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A London Model

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A London Model

Leo Crane

Roy Joseph Butler is a professional artist's model. In 2015, he collaborated with Jonathan Armour and Leo Crane to create Paint Skin, an Armour Studio and BRILLIANA co-production. He is currently working with Maggi Hambling at Morley College and with a variety of artists and groups across London.  Here he addresses the recurring question: "What do you think about when you're modelling?" and explores his role in the creative process.

Roy Joseph Butler life model sketches (artists unknown)

“What do you think about when you’re…up there…when you’re modelling?” This question comes at me in so many ways: “What goes through your mind when you’re posing?” “I bet you think about a lot. Or not?” “Do you find it hard concentrating?” Even: “Is it difficult just being still?”

What do I think about when I’m modelling? Just last week I was asked yet again. I have narrowed my answer down to a stock phrase: “It’s meditative.” The artist who asked was taken aback, both by my answer and because the tutor had just described her work as being distinctly meditative, or a distinct meditation…or something like that. I overheard nothing. She intuitively tapped into something of me when she was painting and I can only hope others do too.

Modelling for life is a meditative experience. I remember starting out, letting album soundtracks run through my mind during long poses because that was the only way I could think to give Time its space to pass. I rarely do that now. Now, I saturate myself with Time, whether it’s a brief five-minute pose or a much longer 45- or 60-minute one (yes, they can go on). Sometimes, my body shivers from sheer physical exertion or attempts to divert all of my energy into not noticing the limb that’s fallen asleep (and is sending sharp, excruciating pain to those places I thought invulnerable) and I pray for Time to release me. But before that moment comes – and they are very rare moments, truth be told – I am in a space that is liberating, because Time has become friendly.

Roy Joseph Butler life model sketches (artists unknown)

I live a bustling life in a bustling city. I have a six-year-old son and a dog, who, after nine years, still finds occasion to make our living room his personal toilet. I model here-there-and-everywhere so that sometimes only my pushbike will get me there in time. I have a job with a charity that involves managing staff, colleagues and safeguarding young people, voluntary commitments at my son’s school and with multiple organisations… I’m busy. So busy that I have allowed myself no space to simply be and think and relax - with the exception of modelling.

As a life model I have Time’s companionship. We see each other. And, for my part, I use his company to free my mind and focus on just one or two things. I problem solve, clearly. I find calm, easily. I pay attention to my breathing. I remove anger. I feel the air circulating in a room against my skin as I sense each breath taken and released. I meditate. 

I imagine writing about my experiences one day, in as much as integrating them into a larger narrative where they’d support something a little more grand; modelling is not my whole life, after all, but a simple part of it. Then again, perhaps I underestimate what it’s worth and a narrative centred around a life model would work. I don’t know. A short story, perhaps?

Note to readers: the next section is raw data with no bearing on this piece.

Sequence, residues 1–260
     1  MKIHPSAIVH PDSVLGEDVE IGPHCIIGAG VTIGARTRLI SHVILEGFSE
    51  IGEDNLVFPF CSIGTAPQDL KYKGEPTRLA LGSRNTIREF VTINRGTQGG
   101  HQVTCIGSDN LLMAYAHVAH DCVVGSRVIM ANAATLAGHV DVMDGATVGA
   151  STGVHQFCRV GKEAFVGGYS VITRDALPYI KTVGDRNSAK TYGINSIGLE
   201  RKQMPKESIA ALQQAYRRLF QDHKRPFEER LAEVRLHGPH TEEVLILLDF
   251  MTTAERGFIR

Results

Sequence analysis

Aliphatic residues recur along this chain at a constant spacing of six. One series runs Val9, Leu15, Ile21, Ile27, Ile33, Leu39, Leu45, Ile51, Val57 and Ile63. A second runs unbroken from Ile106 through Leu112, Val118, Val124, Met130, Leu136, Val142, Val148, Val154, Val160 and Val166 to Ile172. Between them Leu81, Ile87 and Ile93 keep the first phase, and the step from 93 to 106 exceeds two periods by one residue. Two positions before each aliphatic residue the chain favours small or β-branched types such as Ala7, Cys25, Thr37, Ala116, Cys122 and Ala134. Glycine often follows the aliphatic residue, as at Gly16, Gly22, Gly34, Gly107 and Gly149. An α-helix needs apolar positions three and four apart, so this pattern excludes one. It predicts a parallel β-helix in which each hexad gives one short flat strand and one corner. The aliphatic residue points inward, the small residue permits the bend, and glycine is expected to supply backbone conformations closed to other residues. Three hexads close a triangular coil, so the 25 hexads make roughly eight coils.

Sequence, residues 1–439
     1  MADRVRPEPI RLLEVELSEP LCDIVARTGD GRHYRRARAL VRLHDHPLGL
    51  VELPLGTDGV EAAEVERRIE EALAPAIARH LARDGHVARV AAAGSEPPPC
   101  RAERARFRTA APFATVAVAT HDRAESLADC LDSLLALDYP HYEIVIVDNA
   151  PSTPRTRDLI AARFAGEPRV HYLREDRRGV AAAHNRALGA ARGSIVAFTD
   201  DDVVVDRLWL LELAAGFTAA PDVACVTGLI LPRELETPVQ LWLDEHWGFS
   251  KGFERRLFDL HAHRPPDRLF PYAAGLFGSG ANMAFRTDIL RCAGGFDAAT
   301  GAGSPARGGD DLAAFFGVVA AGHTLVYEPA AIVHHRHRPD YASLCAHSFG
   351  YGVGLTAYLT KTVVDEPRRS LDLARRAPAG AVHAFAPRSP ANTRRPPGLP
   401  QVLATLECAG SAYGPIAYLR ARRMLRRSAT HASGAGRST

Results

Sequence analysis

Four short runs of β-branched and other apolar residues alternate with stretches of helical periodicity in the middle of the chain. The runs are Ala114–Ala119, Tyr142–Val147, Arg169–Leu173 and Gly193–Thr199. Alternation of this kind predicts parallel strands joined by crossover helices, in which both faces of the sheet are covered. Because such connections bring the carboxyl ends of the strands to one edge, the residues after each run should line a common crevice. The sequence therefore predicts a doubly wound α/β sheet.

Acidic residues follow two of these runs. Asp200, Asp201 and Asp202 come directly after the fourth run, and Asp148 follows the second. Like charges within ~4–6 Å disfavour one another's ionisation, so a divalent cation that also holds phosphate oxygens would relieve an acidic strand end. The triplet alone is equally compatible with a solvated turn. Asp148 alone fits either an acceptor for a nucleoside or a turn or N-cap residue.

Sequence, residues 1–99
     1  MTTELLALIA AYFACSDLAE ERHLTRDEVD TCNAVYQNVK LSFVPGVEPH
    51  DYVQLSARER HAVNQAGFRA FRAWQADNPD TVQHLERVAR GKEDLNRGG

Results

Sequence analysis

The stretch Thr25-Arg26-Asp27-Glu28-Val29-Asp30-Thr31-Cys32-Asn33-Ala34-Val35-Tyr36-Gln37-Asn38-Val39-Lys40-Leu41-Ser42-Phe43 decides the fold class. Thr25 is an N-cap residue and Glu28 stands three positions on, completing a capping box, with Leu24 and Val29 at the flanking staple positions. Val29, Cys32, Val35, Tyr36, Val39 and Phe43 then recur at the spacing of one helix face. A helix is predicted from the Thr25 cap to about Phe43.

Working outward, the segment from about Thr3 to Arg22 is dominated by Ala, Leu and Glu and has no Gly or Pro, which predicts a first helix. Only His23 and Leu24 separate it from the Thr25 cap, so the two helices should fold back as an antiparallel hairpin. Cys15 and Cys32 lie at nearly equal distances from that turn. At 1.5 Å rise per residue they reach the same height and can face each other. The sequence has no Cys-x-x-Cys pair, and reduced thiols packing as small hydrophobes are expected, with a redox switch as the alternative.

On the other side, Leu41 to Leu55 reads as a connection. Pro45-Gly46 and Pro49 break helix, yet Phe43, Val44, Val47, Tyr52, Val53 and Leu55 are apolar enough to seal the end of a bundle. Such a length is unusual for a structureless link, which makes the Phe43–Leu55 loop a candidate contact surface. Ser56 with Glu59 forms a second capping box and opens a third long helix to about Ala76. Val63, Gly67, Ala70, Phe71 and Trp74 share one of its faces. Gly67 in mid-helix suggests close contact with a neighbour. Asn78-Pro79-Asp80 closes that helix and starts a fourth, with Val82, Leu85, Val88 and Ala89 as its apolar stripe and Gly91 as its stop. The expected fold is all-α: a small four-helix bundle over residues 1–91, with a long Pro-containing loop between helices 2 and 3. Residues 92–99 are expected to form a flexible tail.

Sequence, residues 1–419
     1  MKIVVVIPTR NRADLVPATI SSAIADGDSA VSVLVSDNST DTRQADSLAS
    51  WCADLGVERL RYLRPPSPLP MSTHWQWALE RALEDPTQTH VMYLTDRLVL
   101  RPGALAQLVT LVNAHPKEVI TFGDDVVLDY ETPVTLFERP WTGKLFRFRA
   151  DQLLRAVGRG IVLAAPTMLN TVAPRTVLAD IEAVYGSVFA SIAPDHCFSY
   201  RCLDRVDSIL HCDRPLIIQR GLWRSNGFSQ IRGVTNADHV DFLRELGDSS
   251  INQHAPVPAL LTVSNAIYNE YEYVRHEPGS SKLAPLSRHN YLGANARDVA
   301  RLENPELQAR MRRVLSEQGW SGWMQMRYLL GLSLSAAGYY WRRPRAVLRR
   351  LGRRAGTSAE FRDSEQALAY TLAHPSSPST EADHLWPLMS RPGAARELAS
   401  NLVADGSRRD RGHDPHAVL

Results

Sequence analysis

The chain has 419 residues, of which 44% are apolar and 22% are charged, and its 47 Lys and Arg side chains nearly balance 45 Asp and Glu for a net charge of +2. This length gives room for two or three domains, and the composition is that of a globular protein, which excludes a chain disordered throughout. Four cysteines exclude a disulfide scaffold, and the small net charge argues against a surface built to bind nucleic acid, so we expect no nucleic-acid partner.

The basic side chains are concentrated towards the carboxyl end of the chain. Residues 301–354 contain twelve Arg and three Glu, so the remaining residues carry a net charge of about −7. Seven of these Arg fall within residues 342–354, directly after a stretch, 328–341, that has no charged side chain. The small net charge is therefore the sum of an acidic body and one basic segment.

Jonathan Kemp’s London Triptych offers up a view of the life model and should I ever write a book review I’d lambast it for veering away from the model as subject. By generally objectifying his characters – the life models, that is – he prevents us ever getting to know them (he might disagree with me, assert they are much more substantial beings than I am giving them credit for. And I’d say to that, “You’ve obviously never modelled”). They remain flesh, simply. There is a hint of intelligence to them, though that hint never really grows, just lingers enough to lend the slightest substance to their physical presence. 

A creative documentary by Jessie Parsons featuring Roy Joseph Butler and Carla Tofano

But I write no book review here, just acknowledge Kemp’s work as a motivator for me to take my experience to a different place, the world of fiction. I (and my fellow life subjects) sit in a precarious place regarding our representation in art versus the extent to which we create it. Viewed as objects we sit, stand, or recline passively for artists to capture. Subjectified, as it were, we reside more in the realm of collaborative artist. Artist. Truly. And that is one thought that strikes me often, and often as I am posing – “How am I as model being, or becoming, artist?” I can mediate on that one for ages.

I take my cue from London Triptych to take up the narrative of the artist’s model. Because I am one. Because I love writing. Because of the sheer curiosity of painters, drawers, sculptors, photographers, et al. in wondering what it’s like for me just being there, posing. Because for as much as I meditate during work, and ponder over questions large and small in turn (and in no great hurry – thank you, Time!), I have yet to read a fictional account of what I do and how I see what I do that really resonates with me. 

I have a few short story starts (and sketches) on the boil that just might do…

Roy Joseph Butler (artist unknown)

This article is adapted and updated from Roy's blog Literary Impressions.